I’m excited to share some photos from our honeymoon in Bali, beginning with Ubud! Ubud is the cultural capital of the province and is rich with tradition and history. Coastal Kuta and Seminyak might be the only places on the island that are more populated with tourists and expats, but Ubud certainly sees its fair share of visitors. It’s easy to see why, with its tranquil Hindu temples and rice paddies located just outside the city center.
We stayed outside of the center, which was wonderfully relaxing. It was quiet and peaceful, yet the ride into town was only about ten minutes. We liked having a quiet retreat to return to each day.
One morning we went out on the Campuhan Ridge walk and meandered through rice paddies and small villages. We started around 9:00 but the morning quickly warmed up and it turned out to be quite a toasty adventure. Though we consulted a map through various points in our route we will managed to get lost, making our tour several kilometers longer and sweatier.
On another morning we hired a guide and took a long tour visiting various places that were on our sightseeing list. A note about organizing tours in Bali: don’t worry about leaving it until the last minute. It may seem like a cliche, but much of the area revolves on island time, and tours and events can often be organized with very little notice. We happened to hire someone who worked at our hotel and we set an itinerary the night before the tour. Almost everything is negotiable, price included, so make sure you’re clear about you’d like to see (and what isn’t important to you) and then set a price before you set off, ensuring you have your most memorable and enjoyable experience. It was super easy to put this day together and I’m so glad we did. That said, it’s nothing that we could have done beforehand, which takes a little bit of pressure off when you’re planning your trip up to months in advance. Be ready to go with the flow : )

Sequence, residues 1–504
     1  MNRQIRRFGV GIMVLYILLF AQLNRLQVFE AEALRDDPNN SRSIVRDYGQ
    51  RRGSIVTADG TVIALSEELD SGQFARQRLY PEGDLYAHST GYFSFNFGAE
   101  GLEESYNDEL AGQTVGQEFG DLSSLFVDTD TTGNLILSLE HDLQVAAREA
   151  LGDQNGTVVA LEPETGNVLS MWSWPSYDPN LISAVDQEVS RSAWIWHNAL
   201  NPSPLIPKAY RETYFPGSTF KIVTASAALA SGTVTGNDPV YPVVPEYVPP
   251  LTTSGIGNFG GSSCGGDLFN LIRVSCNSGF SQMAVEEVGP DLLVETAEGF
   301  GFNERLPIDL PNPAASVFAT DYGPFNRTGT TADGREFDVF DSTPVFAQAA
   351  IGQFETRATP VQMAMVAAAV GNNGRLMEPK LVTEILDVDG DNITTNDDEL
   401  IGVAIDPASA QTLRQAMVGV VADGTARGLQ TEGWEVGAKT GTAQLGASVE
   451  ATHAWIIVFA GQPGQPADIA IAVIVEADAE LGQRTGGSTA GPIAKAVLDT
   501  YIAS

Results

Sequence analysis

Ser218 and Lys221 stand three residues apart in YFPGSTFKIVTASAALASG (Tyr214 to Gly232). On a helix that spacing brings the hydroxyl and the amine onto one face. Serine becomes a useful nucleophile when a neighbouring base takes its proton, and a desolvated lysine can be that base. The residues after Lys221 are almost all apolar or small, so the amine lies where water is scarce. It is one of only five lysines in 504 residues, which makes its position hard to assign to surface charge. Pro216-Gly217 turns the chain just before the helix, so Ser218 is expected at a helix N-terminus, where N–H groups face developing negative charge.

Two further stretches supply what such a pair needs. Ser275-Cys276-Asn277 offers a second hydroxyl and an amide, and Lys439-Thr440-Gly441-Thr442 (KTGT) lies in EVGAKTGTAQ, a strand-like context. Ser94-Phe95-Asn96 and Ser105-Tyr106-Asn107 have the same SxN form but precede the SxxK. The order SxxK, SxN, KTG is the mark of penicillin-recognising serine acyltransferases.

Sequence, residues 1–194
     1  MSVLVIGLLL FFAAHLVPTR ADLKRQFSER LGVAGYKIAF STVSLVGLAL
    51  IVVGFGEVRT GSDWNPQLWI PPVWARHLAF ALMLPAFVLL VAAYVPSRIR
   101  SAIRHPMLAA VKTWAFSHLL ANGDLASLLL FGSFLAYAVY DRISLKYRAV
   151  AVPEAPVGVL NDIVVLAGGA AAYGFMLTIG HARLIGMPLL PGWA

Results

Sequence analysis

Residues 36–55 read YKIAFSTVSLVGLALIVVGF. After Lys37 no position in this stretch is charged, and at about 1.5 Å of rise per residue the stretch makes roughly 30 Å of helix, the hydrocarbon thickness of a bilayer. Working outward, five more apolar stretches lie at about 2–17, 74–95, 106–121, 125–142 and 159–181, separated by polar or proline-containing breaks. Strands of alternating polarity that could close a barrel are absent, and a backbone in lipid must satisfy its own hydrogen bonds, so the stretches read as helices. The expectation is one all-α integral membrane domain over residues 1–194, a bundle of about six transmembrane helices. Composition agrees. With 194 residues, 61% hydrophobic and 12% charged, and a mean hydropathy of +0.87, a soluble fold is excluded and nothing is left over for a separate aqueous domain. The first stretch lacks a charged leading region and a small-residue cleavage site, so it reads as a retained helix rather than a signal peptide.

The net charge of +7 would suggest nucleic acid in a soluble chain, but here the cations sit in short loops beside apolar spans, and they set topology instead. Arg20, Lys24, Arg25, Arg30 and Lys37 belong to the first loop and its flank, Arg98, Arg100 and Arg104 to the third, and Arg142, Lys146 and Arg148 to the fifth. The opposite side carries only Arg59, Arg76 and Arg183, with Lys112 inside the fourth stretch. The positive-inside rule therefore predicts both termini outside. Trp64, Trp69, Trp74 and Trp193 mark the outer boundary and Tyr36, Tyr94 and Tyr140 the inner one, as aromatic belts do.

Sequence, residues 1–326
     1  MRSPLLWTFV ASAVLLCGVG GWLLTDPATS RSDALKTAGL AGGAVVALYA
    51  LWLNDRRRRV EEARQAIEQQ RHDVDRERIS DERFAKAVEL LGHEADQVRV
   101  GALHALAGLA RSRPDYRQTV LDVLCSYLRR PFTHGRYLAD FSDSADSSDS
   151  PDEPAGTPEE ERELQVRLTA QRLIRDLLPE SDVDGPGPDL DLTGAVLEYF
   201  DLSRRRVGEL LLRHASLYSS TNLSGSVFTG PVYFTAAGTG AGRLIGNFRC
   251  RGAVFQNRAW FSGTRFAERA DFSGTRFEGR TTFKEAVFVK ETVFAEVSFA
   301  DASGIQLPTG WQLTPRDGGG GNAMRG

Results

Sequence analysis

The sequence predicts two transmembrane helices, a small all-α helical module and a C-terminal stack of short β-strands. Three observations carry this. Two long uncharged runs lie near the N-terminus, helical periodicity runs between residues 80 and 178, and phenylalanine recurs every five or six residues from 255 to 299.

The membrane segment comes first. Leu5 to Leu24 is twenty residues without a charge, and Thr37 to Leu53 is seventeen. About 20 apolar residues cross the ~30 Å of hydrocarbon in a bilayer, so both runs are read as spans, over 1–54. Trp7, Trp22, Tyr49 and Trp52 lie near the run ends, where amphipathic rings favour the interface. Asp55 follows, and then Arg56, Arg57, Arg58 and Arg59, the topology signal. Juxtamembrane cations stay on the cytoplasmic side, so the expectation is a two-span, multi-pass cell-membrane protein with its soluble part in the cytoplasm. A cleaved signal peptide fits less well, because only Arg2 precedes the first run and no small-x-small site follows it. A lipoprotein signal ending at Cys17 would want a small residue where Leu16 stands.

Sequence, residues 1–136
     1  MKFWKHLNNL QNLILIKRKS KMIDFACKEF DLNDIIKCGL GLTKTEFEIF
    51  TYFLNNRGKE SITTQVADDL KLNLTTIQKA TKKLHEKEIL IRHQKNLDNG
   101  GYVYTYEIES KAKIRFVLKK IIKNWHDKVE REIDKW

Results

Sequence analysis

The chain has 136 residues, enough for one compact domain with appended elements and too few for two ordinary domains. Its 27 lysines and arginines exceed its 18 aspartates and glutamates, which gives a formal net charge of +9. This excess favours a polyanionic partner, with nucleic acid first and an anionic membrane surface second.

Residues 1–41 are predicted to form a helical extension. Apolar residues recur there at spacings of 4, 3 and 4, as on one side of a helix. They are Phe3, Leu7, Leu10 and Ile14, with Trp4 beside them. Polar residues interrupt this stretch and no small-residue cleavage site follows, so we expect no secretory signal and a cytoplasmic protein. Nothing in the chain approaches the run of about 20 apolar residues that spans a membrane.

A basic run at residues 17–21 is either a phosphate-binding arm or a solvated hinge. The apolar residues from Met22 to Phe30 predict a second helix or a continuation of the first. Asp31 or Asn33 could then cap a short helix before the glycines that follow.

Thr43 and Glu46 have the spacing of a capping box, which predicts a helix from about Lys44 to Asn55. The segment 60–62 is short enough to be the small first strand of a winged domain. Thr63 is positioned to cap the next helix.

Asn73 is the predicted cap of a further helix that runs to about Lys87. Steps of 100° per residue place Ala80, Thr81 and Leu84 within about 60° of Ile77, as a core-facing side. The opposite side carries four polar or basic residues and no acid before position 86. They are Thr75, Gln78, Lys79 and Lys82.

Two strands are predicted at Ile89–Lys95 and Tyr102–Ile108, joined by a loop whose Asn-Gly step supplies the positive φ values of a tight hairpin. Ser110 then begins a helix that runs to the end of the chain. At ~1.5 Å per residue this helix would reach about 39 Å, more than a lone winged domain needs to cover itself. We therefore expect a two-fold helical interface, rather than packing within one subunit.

Our first stop was the Tegalalang Rice Terraces just north of Ubud. It was truly stunning. Only a handful of people, mostly women, maintain the terraces and their scope and height were breathtaking. We walked through with our guide and I was grateful for a couple of gentlemen to help me down the steeper portions of the trail. If you visit, do note it’s mostly packed mud and wooden steps so be prepared with sturdy shoes and clothing you don’t mind getting dirty.
Next we visited Gunung Kawi, an 11th-century temple complex in Tampaksiring, also north of Ubud. Within the complex you’ll find 7-meter shrines carved into the rock face that are beautiful and imposing.
To get to the temple and the carvings you need to walk down almost 300 steps. It’s wonderful to do in 85-degree weather. Before you head down though, you’re invited to check out The Best View In The World. Well, probably the best.
After huffing and puffing our way back up the stairs, and stopping for a brief lunch, we headed to Goa Gajah, or the Elephant Cave. Its English moniker is more of a gesture to its proximity to the Elephant River, as the cave itself is rather small. On the outside are carvings of demons and scary faces intended to ward off evil spirits. It was once used to hold hiding Hindu priests and you’ll find three statues inside toward the back, as well as small hiding niches.
The cave is located on an active worship site with Hindu temples and a nearby Buddhist temple, suggesting that perhaps the cave also has some Buddhist significance. It’s a beautiful place to walk around and there are several spots for quiet contemplation and meditation.
Later this week I’ll share the final component of our day trip. It was a really special experience that I want to devote a little more space to.
One morning Adam got up early enough to see the sunrise. According to him the view wasn’t much, but I think the watercolor sky and stillness of the rice paddies is so soothing.